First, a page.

The Tomatometer rating – based on the published opinions of hundreds of film and
television critics – is a trusted measurement of movie and TV programming quality
for millions of moviegoers. It represents the percentage of professional critic reviews
that are positive for a given film or television show.
From the Critics
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The Tomatometer is 60% or higher.
The Tomatometer is 59% or lower.
Movies and TV shows are Certified Fresh with a steady Tomatometer of 75% or
higher after a set amount of reviews (80 for wide-release movies, 40 for
limited-release movies, 20 for TV shows), including 5 reviews from Top Critics.
Percentage of users who rate a movie or TV show positively.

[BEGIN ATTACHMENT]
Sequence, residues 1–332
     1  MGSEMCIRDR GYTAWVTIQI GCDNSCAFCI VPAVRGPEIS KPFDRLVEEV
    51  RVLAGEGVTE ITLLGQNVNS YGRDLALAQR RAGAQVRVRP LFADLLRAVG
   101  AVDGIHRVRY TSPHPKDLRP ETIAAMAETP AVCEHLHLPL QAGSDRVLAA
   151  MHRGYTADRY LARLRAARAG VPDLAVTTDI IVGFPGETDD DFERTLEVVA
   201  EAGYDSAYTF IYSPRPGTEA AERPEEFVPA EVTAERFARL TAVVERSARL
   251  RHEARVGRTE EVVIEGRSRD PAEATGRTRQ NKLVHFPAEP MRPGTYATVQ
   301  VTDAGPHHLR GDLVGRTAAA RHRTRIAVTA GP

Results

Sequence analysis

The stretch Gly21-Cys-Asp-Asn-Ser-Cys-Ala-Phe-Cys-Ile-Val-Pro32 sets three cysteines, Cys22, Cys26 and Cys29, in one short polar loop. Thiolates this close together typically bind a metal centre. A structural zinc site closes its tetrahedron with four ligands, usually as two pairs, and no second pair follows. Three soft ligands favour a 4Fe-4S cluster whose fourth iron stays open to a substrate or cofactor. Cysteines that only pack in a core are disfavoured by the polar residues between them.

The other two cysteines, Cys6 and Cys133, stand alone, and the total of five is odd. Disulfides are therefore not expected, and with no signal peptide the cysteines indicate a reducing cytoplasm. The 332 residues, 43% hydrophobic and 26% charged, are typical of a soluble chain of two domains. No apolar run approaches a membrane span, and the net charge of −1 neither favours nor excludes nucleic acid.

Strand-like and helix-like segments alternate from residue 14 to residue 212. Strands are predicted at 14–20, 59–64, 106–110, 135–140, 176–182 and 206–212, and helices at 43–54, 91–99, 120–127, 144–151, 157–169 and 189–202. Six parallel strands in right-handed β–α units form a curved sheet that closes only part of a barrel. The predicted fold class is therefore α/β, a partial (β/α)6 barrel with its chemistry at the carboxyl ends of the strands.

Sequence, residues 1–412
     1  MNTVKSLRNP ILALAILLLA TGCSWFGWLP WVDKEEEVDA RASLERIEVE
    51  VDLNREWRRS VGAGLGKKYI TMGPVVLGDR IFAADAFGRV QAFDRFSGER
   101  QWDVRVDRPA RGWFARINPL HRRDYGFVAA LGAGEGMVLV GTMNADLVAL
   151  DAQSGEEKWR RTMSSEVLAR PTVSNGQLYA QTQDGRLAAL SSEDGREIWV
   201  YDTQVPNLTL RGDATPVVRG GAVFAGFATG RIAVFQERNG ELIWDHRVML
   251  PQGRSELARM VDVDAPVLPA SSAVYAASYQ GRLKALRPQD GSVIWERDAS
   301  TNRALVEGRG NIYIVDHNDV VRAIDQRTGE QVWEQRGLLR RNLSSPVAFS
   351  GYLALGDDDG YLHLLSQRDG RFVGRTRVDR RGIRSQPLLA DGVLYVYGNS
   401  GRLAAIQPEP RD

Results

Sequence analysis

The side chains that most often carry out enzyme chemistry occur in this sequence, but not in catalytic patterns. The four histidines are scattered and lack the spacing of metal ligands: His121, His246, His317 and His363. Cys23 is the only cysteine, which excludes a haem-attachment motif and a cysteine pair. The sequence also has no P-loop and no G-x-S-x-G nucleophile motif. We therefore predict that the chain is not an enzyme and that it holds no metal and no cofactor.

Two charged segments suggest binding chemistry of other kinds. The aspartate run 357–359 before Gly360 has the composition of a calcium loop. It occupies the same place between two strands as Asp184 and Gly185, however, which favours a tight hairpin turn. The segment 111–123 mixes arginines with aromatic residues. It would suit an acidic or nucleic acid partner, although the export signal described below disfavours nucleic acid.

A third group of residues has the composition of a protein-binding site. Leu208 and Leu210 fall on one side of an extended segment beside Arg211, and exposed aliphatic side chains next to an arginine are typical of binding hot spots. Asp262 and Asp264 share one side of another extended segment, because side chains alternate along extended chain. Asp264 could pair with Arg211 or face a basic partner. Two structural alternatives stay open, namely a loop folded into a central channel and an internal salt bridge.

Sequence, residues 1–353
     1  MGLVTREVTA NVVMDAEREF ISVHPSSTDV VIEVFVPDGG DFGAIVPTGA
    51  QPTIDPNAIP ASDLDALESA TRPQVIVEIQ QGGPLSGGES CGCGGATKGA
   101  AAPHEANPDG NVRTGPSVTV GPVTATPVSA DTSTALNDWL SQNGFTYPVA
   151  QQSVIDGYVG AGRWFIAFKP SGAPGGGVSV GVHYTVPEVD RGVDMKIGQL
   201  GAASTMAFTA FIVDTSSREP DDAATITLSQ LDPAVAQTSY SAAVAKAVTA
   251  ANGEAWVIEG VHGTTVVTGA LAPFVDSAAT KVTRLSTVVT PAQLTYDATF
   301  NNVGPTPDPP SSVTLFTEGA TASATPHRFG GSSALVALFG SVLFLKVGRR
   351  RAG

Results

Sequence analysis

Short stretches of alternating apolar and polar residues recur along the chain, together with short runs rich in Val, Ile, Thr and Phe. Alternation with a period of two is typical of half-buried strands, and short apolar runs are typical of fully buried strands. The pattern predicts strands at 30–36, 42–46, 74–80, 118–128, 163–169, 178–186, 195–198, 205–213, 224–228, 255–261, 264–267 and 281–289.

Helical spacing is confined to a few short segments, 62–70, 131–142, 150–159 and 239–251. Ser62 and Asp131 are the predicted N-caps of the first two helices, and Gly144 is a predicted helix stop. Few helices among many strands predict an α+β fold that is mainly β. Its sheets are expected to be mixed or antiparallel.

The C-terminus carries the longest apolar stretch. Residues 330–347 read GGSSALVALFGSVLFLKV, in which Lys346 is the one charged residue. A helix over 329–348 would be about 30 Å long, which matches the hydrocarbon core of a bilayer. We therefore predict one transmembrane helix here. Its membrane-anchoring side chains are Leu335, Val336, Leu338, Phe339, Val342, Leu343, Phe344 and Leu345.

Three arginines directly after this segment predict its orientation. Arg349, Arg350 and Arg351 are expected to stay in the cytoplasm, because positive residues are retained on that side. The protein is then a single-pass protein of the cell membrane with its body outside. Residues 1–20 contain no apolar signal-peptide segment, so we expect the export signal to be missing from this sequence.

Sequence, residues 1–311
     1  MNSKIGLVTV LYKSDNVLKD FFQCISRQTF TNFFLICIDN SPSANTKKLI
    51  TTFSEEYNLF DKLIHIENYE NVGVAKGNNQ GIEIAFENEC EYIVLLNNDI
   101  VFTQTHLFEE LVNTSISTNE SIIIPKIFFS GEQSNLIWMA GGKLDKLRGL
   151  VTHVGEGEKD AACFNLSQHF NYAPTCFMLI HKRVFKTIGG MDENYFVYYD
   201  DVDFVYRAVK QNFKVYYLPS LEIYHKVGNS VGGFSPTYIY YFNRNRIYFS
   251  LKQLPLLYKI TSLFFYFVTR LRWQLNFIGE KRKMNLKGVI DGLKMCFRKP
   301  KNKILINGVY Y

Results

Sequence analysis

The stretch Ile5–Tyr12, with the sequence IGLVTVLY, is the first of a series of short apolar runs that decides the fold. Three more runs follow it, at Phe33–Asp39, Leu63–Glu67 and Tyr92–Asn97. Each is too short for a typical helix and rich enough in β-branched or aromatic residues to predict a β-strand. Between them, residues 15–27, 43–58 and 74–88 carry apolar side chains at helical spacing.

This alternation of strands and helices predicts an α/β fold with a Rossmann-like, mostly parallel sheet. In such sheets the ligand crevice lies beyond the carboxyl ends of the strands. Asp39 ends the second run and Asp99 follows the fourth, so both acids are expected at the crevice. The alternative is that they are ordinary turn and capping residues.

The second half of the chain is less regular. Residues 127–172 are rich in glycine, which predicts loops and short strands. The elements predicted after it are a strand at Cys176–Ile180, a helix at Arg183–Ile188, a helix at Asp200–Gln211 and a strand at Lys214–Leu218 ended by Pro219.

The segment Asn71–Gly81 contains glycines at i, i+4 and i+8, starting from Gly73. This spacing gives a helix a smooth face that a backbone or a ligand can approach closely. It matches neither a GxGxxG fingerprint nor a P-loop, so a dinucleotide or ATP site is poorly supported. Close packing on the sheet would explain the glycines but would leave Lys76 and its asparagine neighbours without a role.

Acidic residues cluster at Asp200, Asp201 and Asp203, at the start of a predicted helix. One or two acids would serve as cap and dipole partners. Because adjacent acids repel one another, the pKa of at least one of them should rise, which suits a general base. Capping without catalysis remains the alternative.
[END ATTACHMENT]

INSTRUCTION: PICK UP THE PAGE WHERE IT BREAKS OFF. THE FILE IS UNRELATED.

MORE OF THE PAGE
In true Hollywood fashion, composer Howard Shore's "overnight" success with his intensely emotional, yet subtly unnerving score for the epic fantasy film The Lord of the Rings: The Fellowship of the Ring was, in fact, the culmination of a wildly diverse 20-plus-year career. Born in Toronto, Canada, on October 18, 1946, Shore earned his professional degree from the Berklee School of Music in Boston, MA, and shortly thereafter co-founded the Toronto-based rock outfit Lighthouse. This group managed to earn some small amount of success, while providing Shore the opportunity to display his talents as both a performer and a songwriter. His association with Lighthouse was relatively brief, and after he left the band, the young musician began exploring new mediums for his music. Thus, Shore found himself working closely with two fellow Canadians: Lorne Michaels and David Cronenberg. Under Michaels, Shore directed the musical content for the first five seasons of Saturday Night Live, also writing the instantly familiar original theme music. As his association with Saturday Night Live was ending, Shore was hired to compose the score for David Cronenberg's film The Brood. Shore would go on to orchestrate almost all of Cronenberg's following films -- except 1983's The Dead Zone -- while building an impressive and diverse body of work, including scores for such films as Videodrome, Places in the Heart, Dead Ringers, Big, The Silence of the Lambs, Seven, and High Fidelity. While he received some amount of acclaim for his work after The Brood, Shore would achieve his greatest success with his work on Peter Jackson's highly anticipated adaptation of the J.R.R. Tolkien fantasy novel The Lord of the Rings. The first episode of the trilogy, The Lord of the Rings: The Fellowship of the Ring, proved to be a hit with both moviegoers and his musician peers alike, and Shore went on to earn his first Academy Award nomination and -- more importantly -- his first win. Additionally, Shore composed the music for the second and third installments of The Lord of the Rings trilogy -- The Two Towers and The Return of the King -- which, like the filming of the trilogy, were scored concurrently. Following his achievements with The Lord of the Rings trilogy, Shore moved on to orchestrate two thrillers -- David Fincher's Panic Room and his tenth collaboration with Cronenberg, the late 2002 release Spider -- and the massive Martin Scorsese historical epic Gangs of New York, further displaying his standing as a preeminent film composer and one of the most hotly sought-after technicians in the industry.In early 2004, while gearing up for Jackson's remake of King Kong, Shore took home his second and third Oscars, one for score and the other for song, when The Lord of the Rings: The Return of the King swept the awards. That massive success slowed him down not at all as he continued to write scores for a wealth of well-reviewed and award-winning films such as The Aviator, The Departed, A History of Violence, Eastern Promises, Doubt, and Hugo. He teamed with Jackson again to create the music for The Hobbit.